Ten bidders win more time for court hearing (2nd update)

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The second meeting of Ten Network creditors has been moved to September 19, following a legal challenge by WIN owner Bruce Gordon.

The move follows an application in which Gordon, Lachlan Murdoch and 21st Century Fox asked the NSW Supreme Court to prevent Ten's administrators KordaMentha from holding the second meeting on September 12. The delay from September 12 allows time for a two-day hearing to examine claims of deficiencies in the administrators' report to creditors, and improves chances that Australian media law reform will have been passed in time for Gordon and Murdoch to improve their bid for the network.

• Previously: The CBS acquisition of Australia's Ten Network is under challenge today as Rupert Murdoch's 21st Century Fox joins a court action being taken by his son Lachlan and Bruce Gordon against administrator KordaMentha.

Like CBS, Fox is a creditor of the TV company, while shareholders Gordon and Lachlan Murdoch want to acquire it.

And the possible obstacle of media law reform may be overcome as the Nick Xenothon Team is said to be "on the verge" of agreeing terms for its support.

Lawyers for Fox and the bidders are expected to argue that this week's Korda Mentha report to creditors was deficient in several respects, including the failure to present alternatives to the CBS bid, liquidation or the resignation of the administrator.

A second meeting of creditors is scheduled for September 12.

• As Ten Network's biggest creditor, CBS was always in pole position to acquire the troubled business if it wanted: Apparently it does.

While the focus has been on whether Lachlan Murdoch and Bruce Gordon could devise a workaround to address delays in media law reform, the US content giant has moved in with an offer and promise of immediate financial support.

If the deal proceeds - as seems likely - heads are set to roll in the Murdoch camp as executives from the top down ponder, "How did we let this happen".

In a statement this morning, Ten's receivers and managers - Christopher Hill, Phil Carter and David McEvoy of PPB Advisory - and voluntary administrators - Mark Korda, Jarrod Villani and Jenny Nettleton of KordaMentha Restructuring -announced that they have signed a binding transaction document for subsidiaries of CBS to acquire Ten's business and assets.

The New York Stock Exchange-listed media giant is understood to be owed $843 million, making it the network's biggest single creditor. Most of its debts are unsecured, including the drawn balance owed to the Commonwealth Bank and previously guaranteed by Murdoch, Gordon and James Packer, and the $12.4 million owed to Endemol Shine, a subsidiary of 21st Century Fox and sister company of News Corp Australia.

Ten Network is understood to have secured creditors owed $129 million and accumulated losses of $1.3 billion.

As the owner of businesses in the media and entertainment industries including the CBS Television Network, cable networks, content production and distribution, television stations, internet-based businesses, and consumer publishing, and with a current market capitalisation of approximately US$28 billion, CBS Corporation is a major competitor of 21st Century Fox, which - like News Corp - is controlled by Lachlan's father Rupert Murdoch.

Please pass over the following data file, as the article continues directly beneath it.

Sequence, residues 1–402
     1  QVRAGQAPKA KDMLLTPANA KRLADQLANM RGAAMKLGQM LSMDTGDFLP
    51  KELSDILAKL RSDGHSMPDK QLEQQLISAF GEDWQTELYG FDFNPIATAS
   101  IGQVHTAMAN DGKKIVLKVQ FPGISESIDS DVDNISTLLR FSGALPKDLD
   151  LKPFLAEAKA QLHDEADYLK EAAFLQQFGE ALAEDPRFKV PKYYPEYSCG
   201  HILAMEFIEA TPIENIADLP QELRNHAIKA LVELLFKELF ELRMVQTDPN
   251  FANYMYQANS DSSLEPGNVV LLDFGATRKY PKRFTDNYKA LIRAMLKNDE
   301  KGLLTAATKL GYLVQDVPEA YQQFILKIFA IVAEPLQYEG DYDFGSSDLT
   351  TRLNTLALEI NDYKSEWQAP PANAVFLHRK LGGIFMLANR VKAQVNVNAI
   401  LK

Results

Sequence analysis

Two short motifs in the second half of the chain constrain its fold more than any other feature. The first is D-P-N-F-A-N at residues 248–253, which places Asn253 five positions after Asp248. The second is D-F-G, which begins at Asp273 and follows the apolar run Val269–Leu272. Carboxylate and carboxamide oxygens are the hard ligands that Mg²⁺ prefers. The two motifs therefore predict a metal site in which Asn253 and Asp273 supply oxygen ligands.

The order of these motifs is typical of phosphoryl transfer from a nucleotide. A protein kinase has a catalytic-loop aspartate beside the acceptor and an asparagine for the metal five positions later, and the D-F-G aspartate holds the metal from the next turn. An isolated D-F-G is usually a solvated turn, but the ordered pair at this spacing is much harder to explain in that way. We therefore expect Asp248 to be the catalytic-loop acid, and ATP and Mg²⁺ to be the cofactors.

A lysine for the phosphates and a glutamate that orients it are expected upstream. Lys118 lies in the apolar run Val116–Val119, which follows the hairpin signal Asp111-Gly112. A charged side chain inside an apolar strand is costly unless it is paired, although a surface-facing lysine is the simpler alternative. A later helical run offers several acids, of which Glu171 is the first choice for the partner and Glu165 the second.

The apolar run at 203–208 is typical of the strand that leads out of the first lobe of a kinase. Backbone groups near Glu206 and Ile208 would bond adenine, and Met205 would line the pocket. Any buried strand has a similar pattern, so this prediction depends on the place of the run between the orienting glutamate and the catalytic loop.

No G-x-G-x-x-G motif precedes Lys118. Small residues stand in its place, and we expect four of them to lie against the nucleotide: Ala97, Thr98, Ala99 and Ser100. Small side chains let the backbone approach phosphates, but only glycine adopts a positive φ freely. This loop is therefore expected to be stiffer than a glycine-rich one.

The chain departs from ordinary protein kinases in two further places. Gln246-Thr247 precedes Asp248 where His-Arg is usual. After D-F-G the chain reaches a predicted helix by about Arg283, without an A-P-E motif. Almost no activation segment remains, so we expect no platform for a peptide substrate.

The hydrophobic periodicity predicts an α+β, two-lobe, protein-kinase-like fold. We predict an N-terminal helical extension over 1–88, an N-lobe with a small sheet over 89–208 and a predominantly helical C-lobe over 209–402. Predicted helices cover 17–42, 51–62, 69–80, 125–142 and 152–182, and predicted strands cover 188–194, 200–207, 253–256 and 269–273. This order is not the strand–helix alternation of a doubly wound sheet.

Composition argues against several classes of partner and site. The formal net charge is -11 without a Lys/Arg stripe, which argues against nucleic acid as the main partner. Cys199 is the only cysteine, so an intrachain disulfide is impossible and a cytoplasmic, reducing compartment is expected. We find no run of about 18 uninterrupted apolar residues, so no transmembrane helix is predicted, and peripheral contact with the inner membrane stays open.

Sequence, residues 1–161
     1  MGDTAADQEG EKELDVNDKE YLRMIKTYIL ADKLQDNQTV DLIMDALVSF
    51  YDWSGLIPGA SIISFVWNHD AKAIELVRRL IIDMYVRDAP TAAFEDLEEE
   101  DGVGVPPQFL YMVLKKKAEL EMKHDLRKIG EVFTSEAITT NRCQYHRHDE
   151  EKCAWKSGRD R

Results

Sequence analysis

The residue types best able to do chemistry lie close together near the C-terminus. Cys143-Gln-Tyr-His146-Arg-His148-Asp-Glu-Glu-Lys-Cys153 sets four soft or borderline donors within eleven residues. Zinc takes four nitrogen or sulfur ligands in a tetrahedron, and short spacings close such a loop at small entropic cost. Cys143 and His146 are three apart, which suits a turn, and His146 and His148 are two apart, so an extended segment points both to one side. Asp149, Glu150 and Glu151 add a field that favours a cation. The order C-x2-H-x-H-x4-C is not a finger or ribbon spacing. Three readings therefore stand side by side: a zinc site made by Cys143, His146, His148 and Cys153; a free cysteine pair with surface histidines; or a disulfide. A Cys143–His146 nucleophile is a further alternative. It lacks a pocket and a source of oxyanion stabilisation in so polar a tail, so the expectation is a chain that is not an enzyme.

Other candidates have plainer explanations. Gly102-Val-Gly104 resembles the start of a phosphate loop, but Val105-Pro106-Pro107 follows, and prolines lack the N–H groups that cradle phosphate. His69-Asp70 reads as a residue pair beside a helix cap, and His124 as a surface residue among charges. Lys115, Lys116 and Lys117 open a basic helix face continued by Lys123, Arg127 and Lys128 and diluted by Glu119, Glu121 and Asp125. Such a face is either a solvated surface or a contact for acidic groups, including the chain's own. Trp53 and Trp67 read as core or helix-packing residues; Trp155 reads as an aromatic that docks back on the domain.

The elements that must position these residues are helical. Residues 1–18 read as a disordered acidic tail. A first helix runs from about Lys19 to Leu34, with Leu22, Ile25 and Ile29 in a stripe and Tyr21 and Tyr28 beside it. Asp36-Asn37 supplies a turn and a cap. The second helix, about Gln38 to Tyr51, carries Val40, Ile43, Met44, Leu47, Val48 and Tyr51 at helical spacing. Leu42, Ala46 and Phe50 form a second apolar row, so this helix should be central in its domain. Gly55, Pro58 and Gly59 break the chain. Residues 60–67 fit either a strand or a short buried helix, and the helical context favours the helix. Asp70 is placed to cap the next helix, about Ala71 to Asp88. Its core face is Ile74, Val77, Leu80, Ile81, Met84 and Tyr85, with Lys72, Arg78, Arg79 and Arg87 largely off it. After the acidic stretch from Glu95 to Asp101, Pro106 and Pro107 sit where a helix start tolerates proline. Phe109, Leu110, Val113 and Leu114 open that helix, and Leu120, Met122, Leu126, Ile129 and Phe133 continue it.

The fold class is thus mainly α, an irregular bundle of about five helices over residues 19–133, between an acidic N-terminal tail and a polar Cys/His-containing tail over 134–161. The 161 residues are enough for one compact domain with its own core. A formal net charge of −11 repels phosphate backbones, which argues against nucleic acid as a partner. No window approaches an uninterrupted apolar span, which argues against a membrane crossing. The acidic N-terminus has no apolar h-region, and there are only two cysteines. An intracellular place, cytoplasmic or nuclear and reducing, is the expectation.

The statement says the transaction contemplates an acquisition "effected by way of a refinance of existing secured debt arrangements (including shareholder guarantor fees) in full and a Deed of Company Arrangement that will be put to creditors at the second creditors meeting".

The outcome is expected to provide a return to creditors and details of this and the timing of a second meeting of creditors is to be provided by the voluntary administrators in a report to be released "in coming days".

"The decision to enter an exclusive transaction deed with CBS followed a rigorous sales process run in conjunction with independent adviser, Moelis Australia Advisory."

Network Ten receiver and manager and PPB Advisory partner Christopher Hill says the sale to CBS "will allow the iconic broadcaster to move into a new chapter on a strong and stable footing.

Administrator Jarrod Villani of KordaMentha Restructuring sais the receivers and administrators would work closely together to ensure that operations continue uninterrupted while the transaction is finalised.

"As part of the agreement to purchase the Network Ten business, CBS will provide immediate financial support to ensure continuity of operations ahead of the upcoming meeting of creditors."

Ten says the deal is "only subject to certain limited conditions" including Foreign Investment Review Board approval and compulsory transfer of shares in Ten to CBS through a section 444GA process, which will require Australian Securities and Investment Commission relief to permit the transfer and an order made by the Court under section 444GA of the Corporations Act.

CBS Studios International president and chief executive Armando Nunez says his company is committed to the "efficient, reliable and successful turnaround, operation and development of Ten to support continued growth in Australian media.

"This acquisition not only presents CBS with considerable broadcasting opportunities in Australia, but also allows for further multi-platform distribution and growth."

Apart from its major role as a content provider, CBS owns a third of the Eleven digital channel with Ten.

"CBS and Ten have had a strong relationship for a number of years," says Ten chief executive Paul Anderson. "We are very excited about further developing that relationship with CBS as an owner, and strength that they will provide to the Company at this critical time."

Peter Coleman

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